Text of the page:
I simply love being out in nature early in the morning. Every moment (with the exception of the alarm clock) is an absolute joy. From the trip to the location to standing in the middle of nowhere, no one else in sight, watching the acts of nature play out as if you're the only person in a theatre and the entire play is held just for you. The colours of the pre-dawn sky dance across the horizon, accompanied by the crescendo of the dawn chorus signalling the awakening of the animal world, and announcing the arrival of the sun.
I don't know how to catch this experience in an image. I don't think that I can, at least not yet, but I'll keep trying, and it will keep me going out to find it. For the time being, it will have to be fleeting moments. Capturing the first beams of light as the sun appears over the horizon, or the way that the chamois will stand in those rays to warm themselves after a cold night.
This trip to Hohneck started off interesting. While driving there I saw two adult foxes, two pine martens and one deer run across the road, one fox cub playing on the verge, a herd of dear in a field, and one rabbit run along the road. It was on the correct side and appeared to pull over to the verge to allow me to overtake! I feel that I should finish off that list with a partridge in a pear tree, but it's the wrong time of year.
At this time of the morning in this forest, I often see animals on the roads, and for this reason, I tend to drive half of the permitted speed. If I hadn't I would have surely hit one fox, one deer and one rabbit!
On to Hohneck. I'm not sure if I'm just really lucky with finding chamois or whether they are always at the top of Hohneck. Each time I've been there, I've gone to a slightly different place, but each time I have found a herd straight away! This time it was the same.
I walked out across an open field and there they were. I slowly and steadily moved a bit closer. I was dressed head to toe in camouflage gear, which makes it a lot easier to get closer, but I still feel very self-conscious when wearing it (I doubt the chamois picked up on that though). It's not too bad out in the field, but getting from the house to the car attracts a few interested stares. I got close enough to reach with the 150mm and include some landscape as well as having a good reach with the 300mm, so I decided to settle in where I was and wait to see what would happen.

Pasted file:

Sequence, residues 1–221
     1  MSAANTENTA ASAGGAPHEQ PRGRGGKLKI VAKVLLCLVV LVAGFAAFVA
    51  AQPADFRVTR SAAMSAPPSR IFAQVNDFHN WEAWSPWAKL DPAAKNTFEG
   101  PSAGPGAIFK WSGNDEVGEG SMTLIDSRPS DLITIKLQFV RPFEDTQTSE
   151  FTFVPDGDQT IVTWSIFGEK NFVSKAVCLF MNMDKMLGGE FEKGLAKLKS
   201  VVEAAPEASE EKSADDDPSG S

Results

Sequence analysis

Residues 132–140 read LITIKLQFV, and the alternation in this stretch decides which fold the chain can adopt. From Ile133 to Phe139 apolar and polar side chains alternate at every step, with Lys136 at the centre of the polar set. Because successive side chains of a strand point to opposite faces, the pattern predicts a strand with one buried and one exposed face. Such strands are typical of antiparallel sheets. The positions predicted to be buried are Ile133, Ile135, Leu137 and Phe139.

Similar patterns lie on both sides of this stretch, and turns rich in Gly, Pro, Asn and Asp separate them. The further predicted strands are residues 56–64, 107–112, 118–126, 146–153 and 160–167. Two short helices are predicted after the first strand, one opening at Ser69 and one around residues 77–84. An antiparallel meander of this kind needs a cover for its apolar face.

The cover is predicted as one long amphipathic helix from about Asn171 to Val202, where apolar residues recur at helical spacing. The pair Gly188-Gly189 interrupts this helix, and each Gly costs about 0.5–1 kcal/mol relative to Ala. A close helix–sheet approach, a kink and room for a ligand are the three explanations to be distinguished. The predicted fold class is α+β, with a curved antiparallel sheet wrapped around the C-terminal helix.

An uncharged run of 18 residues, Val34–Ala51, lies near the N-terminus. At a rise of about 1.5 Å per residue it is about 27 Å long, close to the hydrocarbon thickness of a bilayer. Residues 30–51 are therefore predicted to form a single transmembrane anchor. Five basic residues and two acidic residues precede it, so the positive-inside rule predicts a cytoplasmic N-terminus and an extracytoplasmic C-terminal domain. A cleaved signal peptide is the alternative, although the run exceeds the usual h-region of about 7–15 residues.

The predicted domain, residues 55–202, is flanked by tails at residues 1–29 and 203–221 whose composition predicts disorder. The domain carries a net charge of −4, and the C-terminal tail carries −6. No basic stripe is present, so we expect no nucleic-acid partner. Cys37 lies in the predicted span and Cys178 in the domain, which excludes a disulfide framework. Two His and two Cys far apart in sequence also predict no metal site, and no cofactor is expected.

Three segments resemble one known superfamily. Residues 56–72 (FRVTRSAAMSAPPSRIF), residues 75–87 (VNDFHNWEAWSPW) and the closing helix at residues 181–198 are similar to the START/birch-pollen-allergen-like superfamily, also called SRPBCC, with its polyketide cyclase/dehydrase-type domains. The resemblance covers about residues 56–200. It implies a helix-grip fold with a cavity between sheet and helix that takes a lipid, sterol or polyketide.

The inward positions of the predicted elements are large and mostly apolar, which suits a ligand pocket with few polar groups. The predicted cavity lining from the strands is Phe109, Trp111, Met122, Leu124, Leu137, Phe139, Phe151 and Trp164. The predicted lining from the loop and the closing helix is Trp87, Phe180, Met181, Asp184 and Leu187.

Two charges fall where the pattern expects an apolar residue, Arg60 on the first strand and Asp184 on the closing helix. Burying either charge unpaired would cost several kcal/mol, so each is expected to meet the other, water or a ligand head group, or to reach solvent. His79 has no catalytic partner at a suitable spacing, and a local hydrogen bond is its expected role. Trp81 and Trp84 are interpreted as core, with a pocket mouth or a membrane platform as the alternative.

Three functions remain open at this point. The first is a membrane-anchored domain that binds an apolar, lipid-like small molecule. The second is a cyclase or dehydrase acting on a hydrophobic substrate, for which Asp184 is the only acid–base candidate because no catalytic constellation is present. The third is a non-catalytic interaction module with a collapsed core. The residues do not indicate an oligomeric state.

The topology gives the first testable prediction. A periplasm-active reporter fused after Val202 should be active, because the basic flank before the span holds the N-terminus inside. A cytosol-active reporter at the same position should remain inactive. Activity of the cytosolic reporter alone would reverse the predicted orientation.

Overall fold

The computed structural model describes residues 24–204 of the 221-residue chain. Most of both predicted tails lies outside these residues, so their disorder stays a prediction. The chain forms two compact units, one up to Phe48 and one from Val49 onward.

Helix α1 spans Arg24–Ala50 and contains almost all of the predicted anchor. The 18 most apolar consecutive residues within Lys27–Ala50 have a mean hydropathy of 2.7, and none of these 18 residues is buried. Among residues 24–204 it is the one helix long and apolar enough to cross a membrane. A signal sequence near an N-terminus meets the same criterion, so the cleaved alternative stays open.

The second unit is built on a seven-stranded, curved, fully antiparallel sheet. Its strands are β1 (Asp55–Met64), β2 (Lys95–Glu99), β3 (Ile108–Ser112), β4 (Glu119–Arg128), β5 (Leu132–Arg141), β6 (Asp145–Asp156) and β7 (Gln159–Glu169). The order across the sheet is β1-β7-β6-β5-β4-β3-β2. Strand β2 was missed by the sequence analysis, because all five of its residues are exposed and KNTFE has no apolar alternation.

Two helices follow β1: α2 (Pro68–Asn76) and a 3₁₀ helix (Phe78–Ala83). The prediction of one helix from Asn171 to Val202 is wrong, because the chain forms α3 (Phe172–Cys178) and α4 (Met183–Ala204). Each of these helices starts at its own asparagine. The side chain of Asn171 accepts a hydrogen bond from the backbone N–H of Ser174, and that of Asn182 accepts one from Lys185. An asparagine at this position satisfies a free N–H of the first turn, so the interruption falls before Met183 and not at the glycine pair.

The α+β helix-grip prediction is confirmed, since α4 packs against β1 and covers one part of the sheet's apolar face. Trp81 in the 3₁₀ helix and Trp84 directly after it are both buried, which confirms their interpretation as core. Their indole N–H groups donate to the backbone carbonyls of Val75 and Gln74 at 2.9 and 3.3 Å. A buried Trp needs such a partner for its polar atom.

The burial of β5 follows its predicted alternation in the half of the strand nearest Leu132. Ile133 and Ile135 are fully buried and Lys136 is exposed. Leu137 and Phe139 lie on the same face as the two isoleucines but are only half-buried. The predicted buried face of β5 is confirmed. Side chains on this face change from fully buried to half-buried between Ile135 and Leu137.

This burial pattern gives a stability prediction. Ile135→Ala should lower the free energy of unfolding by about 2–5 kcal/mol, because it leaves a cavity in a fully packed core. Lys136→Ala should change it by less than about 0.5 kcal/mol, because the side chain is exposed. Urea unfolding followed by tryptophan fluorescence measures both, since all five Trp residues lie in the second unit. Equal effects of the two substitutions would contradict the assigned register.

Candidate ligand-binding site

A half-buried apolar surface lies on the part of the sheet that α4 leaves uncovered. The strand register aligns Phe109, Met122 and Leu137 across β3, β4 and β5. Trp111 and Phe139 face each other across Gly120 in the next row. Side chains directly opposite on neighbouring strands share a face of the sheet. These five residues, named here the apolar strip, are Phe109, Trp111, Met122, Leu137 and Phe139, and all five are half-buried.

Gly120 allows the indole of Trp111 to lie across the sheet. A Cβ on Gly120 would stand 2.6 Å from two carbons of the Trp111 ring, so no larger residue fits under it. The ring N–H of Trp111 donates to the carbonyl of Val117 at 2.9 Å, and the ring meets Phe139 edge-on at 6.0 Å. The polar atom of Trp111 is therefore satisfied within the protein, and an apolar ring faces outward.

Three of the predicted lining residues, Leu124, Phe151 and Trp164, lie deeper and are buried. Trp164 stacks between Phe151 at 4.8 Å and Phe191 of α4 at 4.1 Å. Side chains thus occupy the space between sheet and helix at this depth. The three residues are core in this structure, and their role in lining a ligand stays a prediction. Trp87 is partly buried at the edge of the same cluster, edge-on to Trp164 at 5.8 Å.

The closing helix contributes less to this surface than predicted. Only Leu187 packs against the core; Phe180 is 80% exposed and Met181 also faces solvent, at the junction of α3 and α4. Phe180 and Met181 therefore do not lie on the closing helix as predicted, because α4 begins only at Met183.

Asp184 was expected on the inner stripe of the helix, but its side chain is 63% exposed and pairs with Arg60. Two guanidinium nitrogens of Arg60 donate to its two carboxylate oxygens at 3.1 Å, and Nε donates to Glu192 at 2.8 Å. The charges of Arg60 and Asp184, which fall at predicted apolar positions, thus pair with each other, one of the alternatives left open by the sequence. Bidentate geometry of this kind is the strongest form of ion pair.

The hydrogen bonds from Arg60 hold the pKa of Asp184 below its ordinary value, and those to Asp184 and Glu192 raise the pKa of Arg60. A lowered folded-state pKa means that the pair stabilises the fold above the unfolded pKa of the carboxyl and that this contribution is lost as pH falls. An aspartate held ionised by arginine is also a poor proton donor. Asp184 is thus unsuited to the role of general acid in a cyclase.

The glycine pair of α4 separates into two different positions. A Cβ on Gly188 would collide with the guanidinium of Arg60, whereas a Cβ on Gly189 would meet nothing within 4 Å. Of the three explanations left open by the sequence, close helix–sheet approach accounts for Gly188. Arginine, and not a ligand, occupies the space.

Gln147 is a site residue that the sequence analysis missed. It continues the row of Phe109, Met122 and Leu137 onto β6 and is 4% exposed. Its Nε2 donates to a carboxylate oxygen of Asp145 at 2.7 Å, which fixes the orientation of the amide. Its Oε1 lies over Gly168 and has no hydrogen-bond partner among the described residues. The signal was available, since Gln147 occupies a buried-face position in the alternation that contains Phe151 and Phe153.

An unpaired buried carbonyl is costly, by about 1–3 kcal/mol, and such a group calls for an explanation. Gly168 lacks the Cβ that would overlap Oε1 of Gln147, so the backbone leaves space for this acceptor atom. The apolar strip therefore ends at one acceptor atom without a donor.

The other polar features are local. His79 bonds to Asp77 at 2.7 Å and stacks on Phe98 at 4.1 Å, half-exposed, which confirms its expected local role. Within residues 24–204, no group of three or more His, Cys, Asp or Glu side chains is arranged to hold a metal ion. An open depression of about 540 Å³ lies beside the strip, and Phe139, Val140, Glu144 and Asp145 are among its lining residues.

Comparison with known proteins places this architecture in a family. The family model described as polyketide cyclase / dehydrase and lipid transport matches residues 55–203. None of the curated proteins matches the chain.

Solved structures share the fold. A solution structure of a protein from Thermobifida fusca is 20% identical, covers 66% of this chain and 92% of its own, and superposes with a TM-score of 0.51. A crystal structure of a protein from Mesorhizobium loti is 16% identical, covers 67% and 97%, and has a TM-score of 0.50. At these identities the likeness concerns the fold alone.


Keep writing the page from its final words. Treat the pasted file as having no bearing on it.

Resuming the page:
It was the right choice. After a short while, part of the herd made its way towards me and another small group that I hadn't seen behind a small rise moved in from behind. They seemed unperturbed by me lying in the grass until I pressed the shutter button! I quickly changed over to silent and continued. The silent mode is great, you can barely hear a thing. I do have one problem with it though, it's so fast that I don't know how many pictures that I'm taking.
The next two images were taken about 20 minutes after sunrise, the light was still a little low, but I'm gaining more experience with the E-M1 and was still able to get a sharp image. These were taken as a few from the group started to come towards me, they were taken with the 300mm and the 1.4x converter.
This image is of the first chamois that popped its head up from the rise behind me. It looks as if it has a strangely elongated neck as if a periscope popping up to survey the surroundings.
A short time after this, I was surrounded. This is a popular area for people to visit, so I think that they must be used to a lot of people being around. This is, of course, one of the reasons for being able to get close, but not this close. The other is the camouflage gear and lying in the same place for a while. By lying down I didn't have the typical human form. I've been to Hohneck several times, but they haven't treated me like this before. It wasn't as if they were ignoring me, they knew that I was there, especially after the shutter mistake. They just didn't seem to care or didn't see me as a threat.
Well all apart from 'Crazy Eye' to the right! This image was taken when I was heading back to the car. I think that the chamois didn't see me until the last minute, just as I didn't see it until the last minute. I only managed to catch the tale end of the expression. The start was a lot better!
What I take from this is that even chamois give me a strange look when I wear camouflage!
The rest of the images are from the group that came over the hill from behind me.
Next time that I go to Hohneck, I'm going to have to go a little bit further than a few minutes away from the car park as it has a few drawbacks. Although there aren't many people around when I arrive at 0430h, as soon as the sun is up, they start to arrive. The other issue is an interesting backdrop, I'd like to have a little more in the images than just grass, sky, and a goat!
I'll have to follow the chamois in the final image!